OSIRIS-REx Readies for Launch

NASA and United Launch Alliance (ULA) are getting ready for the lift-off of America’s first attempt to gather samples off the surface of an asteroid and return them to Earth for study.

The Origins, Spectral Interpretation, Resource Identification, Security – Regolith Explorer (OSIRIS-REx)  mission is due to be launched from Complex 41 at Canaveral Air Force Station on Thursday, September 8th, atop a ULA Atlas V booster.  If all goes according to plan, the spacecraft will rendezvous with near-Earth asteroid 101955 Bennu in August 2018, and commence a 12-month survey of the asteroid.

OSIRIS-REx (l) about to be mated with the Atlas V payload fairing in a clean room at NASA's Kennedy Space Centre, August 30th, 2016. Credit: Dr. Ken Kremer

OSIRIS-REx (l) about to be mated with the Atlas V payload fairing in a clean room at NASA’s Kennedy Space Centre, in August 2016. Credit: Dr. Ken Kremer

As a part of this survey, mission mangers will select a number of target locations on Bennu, and the vehicle will be instructed to slowly close on the asteroid so that a “touch and go” sampling arm can make contact with the surface of Bennu for around 5 seconds, during which a bust of nitrogen gas will stir up rocks and surface regolith, allowing them to be caught in the sampling mechanism. The spacecraft has enough nitrogen to allow three such sampling attempts, which will hopefully collect between 60 and 2000 grams (2–70 ounces) of material.

In March 2021, the window for departure from the asteroid will open, and OSIRIS-REx will begin its return journey to Earth, arriving in September 2023. A re-entry unit containing the gathered samples will then detach for a landing at the Utah Test and Training Range, where they will be recovered for detailed analysis.

OSIRIS-REx (l) about to be mated to the Atlas V payload fairing in a clean room at NASA's The Atlas V payload fairing containing OSIRIS-Rex is hoisted to the top of the Launch Complex 41 gantry, ready for mating to the Atlas V booster, August 29th. Credit: NASA / Dimitri Gerondidakis

OSIRIS-REx (l) about to be mated to the Atlas V payload fairing in a clean room at NASA’s The Atlas V payload fairing containing OSIRIS-Rex is hoisted to the top of the Launch Complex 41 gantry, ready for mating to the Atlas V booster, August 29th. Credit: NASA / Dimitri Gerondidakis

Bennu, which is approximately 492 m (1,614 ft) in diameter, has been chosen due to it being a carbonaceous asteroid passing relatively close to Earth in its orbit around the Sun. Carbonaceous material is of significant interest to scientists as it is a key element in organic molecules necessary for life, as well as being representative of matter from before the formation of Earth. Organic molecules, such as amino acids, have previously been found in meteorite and comet samples, indicating that some ingredients necessary for life can be naturally synthesized in outer space.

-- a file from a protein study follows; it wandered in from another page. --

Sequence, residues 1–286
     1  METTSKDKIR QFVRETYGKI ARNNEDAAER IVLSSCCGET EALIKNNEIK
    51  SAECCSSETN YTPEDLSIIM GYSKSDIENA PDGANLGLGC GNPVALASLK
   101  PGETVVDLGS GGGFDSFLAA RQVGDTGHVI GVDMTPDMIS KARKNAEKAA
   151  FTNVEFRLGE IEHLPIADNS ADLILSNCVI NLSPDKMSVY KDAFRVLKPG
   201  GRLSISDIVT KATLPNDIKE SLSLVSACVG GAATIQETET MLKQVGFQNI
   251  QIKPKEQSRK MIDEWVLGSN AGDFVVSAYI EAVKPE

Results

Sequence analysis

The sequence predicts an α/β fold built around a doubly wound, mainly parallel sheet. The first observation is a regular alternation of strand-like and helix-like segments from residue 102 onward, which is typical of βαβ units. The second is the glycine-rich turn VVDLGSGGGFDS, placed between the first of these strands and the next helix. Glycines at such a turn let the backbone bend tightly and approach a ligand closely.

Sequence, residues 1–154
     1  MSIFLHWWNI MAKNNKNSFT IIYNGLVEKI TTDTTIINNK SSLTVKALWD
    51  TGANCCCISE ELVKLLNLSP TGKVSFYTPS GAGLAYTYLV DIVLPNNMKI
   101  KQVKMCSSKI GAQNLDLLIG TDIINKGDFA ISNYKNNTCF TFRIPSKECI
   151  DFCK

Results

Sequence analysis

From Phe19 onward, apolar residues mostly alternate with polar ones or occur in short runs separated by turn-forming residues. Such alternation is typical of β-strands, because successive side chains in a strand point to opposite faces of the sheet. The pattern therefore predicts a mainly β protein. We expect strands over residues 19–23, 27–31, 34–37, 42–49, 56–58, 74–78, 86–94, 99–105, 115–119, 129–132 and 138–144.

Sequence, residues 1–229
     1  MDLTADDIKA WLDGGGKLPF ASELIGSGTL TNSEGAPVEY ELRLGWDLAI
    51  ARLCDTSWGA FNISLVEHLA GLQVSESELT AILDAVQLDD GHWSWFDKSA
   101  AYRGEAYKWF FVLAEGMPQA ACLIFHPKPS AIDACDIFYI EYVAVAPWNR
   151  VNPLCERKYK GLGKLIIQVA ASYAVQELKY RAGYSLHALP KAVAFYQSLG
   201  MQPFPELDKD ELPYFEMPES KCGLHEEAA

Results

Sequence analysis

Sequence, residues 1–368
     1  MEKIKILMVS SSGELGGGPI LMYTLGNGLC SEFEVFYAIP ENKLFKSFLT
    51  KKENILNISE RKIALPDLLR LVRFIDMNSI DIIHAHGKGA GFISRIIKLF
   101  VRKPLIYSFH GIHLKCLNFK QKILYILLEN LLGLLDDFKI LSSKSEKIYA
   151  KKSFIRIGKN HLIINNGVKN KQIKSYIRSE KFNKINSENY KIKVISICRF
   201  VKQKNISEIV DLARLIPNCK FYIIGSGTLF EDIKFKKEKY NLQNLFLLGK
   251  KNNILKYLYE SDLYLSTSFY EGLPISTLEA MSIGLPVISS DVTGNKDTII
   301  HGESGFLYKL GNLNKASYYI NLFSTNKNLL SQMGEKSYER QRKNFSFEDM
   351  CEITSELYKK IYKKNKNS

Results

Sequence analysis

Another reason for visiting Bennu is that there is a very small chance it could collide with Earth towards the end of the 22nd Century. By analysing the thermal absorption and emissions of the asteroid, scientist can better predict its future orbits and the potential of a future collision. This knowledge could also be used to better predict the orbits of other near-Earth asteroids.

In addition to the science payload, OSIRIS-REx will carry two microchips. One contains 442,000 names submitted to NASA through the 2014 “Messages to Bennu” campaign; the second containing sketches, photographs, graphics, poems, songs, and short videos submitted by the public from around the world under the We The Explorers campaign, and which reflect personal views on what it means to be an explorer.

Should the initial launch opportunity be missed on September 8th, the window will remain open for a further 33 days in which further attempts can be made.

 

2 thoughts on “Space Sunday: Jupiter’s poles, signals from space, exploding rockets

  1. Kyllein MacKellerann

    As long as we are dependent on what is essentially a long drawn-out explosion to get things in orbit, we are going to have blow-ups on the launch pad. The main reason for this lies in the first inch of movement the rocket makes as it takes off, having to move the total mass of itself and its payload that inch (25mm), this is going to happen.
    In this instance it appears that a test caused the explosion. Perhaps someone forgot to switch the involved system to “Test” instead of “Run”. The idea is still a good one and over time will prove itself out; just remember what our old military rocket tests caused in the way of explosions and other problems before they became sufficiently reliable. The system will eventually work out.

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    1. Inara Pey Post author

      The “fast fire” theory seems to point to a part of the fuelling system suffering an anomaly, as noted in my report, rather than anything happening during the actual static fire test of the rocket motors themselves. So it will be interesting to see what the SpaceX / NASA / USAF investigation turns up as they go through things.

      Overall, the rocket as a launch platform has proven itself quite well, given the number of major incidents world-wide during nigh-on 60 years of space flight. The problem is, really, that when things do go wrong, they do so in a massively catastrophic way (as this incident demonstrates). Again in this instance, it will be interesting to see the overall impact on SpaceX’s launch schedule, and how the proposed shift of Falcon 9 launches across to pad 39A at KSC (if required, and once the Falcon 9 is re-certified for flight) will have on things. Longer-term, should it be determined there is a fault within the F9’s design, what that will mean for the developing schedule for commercial crew flights to and from the ISS.